Some sense from The New Republic
The New Republic has often drawn my ire for its steadfast support of the status quo, its corporatism, its hostility to the consumer, and, at times, its open agitation for war. I therefore take all the more pleasure in directing you to this informative piece on the Federal Reserve and its bungling of our current crisis. One would hardly expect such clear analysis from a publication whose role is to manufacture consent for the Fed’s policies, and one hopes such criticism portends a more vigorous phase in the magazine’s long and illustrious career.
After a short outline of the Fed’s birth and original purpose, TNR focuses on the organization’s role in the various booms and busts of the past 30 years. Startlingly, TNR asserts the Fed’s centrality to the boom-bust cycle, overturning the conventional wisdom that our central bank is merely an observer, able to lend a push in one direction or a pull in another, but largely helpless to shape the overall landscape. In their words:
The decisions he made during the recent crisis weren’t necessarily the wrong decisions; indeed, they were, in many respects, the decisions he had to make. But these decisions, however necessary in the moment, are almost guaranteed to hurt our economy in the long run–which, in turn, means that more necessary but harmful measures will be needed in the future. It is a debilitating, vicious cycle. And at the center of this cycle is the Fed.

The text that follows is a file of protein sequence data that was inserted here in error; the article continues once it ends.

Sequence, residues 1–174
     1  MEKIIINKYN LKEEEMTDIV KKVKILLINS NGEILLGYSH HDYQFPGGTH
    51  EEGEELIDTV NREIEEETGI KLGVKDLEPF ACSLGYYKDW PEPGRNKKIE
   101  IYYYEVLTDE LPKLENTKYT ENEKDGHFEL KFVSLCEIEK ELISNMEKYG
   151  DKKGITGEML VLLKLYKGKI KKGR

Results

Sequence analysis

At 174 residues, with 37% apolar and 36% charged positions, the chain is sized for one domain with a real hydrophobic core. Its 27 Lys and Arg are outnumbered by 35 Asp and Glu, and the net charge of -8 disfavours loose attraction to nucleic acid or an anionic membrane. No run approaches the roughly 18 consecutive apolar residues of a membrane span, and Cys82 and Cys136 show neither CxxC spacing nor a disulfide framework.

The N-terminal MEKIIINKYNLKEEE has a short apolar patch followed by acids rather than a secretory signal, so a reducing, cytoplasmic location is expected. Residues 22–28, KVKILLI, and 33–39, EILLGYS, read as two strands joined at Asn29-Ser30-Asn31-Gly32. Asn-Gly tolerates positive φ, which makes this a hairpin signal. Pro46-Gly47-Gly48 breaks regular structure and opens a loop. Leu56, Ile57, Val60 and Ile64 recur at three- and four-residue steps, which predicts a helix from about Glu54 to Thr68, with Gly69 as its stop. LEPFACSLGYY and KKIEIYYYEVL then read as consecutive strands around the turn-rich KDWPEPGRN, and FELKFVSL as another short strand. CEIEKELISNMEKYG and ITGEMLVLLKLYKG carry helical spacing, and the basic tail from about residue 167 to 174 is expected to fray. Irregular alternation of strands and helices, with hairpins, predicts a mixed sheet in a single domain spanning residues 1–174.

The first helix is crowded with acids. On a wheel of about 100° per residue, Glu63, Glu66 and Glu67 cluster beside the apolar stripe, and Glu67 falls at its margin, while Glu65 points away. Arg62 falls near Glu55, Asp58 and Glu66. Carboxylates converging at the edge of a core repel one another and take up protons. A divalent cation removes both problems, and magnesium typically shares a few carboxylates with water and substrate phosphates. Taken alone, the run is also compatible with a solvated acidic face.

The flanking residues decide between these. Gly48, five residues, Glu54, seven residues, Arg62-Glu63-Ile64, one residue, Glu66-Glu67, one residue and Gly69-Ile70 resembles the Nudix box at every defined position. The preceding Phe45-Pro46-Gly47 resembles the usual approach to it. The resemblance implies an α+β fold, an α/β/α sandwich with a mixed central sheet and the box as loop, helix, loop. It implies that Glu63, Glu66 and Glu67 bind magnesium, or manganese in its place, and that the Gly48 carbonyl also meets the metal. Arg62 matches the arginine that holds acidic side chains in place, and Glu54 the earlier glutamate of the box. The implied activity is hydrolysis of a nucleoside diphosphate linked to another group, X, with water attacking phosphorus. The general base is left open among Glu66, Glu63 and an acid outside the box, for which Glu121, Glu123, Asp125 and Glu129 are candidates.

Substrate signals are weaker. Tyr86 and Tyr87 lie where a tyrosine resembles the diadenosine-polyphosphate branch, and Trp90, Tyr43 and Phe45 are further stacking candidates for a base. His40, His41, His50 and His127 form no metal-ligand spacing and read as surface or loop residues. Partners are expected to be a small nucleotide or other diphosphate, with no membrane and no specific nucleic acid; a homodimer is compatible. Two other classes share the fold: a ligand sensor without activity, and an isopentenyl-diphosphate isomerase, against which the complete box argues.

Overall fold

Strong words; and a few even stronger:
Enabled by the Fed, our system’s tolerance for risk is out of control. This is an increasingly dangerous system. It is only a matter of time until it collapses again.
The New Republic attributes this risk to the age-old complaint: bankers and CEOs are simply not punished for poor performance – on the contrary, they are rewarded with dollar amounts we mere mortals can hardly fathom. For evidence they cite Citigroup’s $100 million CEO pay packages to Robert Rubin and Chuck Prince – some of the main architects of our current boondoggle.
When discussing solutions, unfortunately, TNR once again displays its establishment colors. The recommendations it puts forth are mostly watered down, and appear limp when compared to the magnitude of the problems they address.
“Reasonable personal liability” for failing CEOs sounds nice, but will inevitably translate to a small slap on the wrist. Contrary to popular belief, there is not a large difference between a $200 million annual paycheck and a $100 million paycheck. What seems like “reasonable liability” to most CEOs still leaves them unconscionably rich. We must truly divorce ourselves from the idea that as a financial leader you can bankrupt thousands of people and still walk away rich as a Midas. If this means the CEO goes bankrupt with his shareholders – well, so be it. Nobody said banking was a safe business.
Likewise with their reccomendations regarding conflicts of interest. The New Republic advises a “cooling off” period for public servants who enter a regulatory position after making their fortune in the private sector (for example Hank Paulson, who retained his Goldman Sachs holdings while serving as Treasury Secretary).
This is not enough. If our crisis has taught us anything (something which remains to be seen), it is that financial ties run deep, and are often not erased by time. It is ludicrous to appoint to a regulatory position anyone who has ever had anything to do with the financial industry. Such conflicts of interest are inherent – “cooling off period” or no.
A weak finish to an otherwise outstanding article.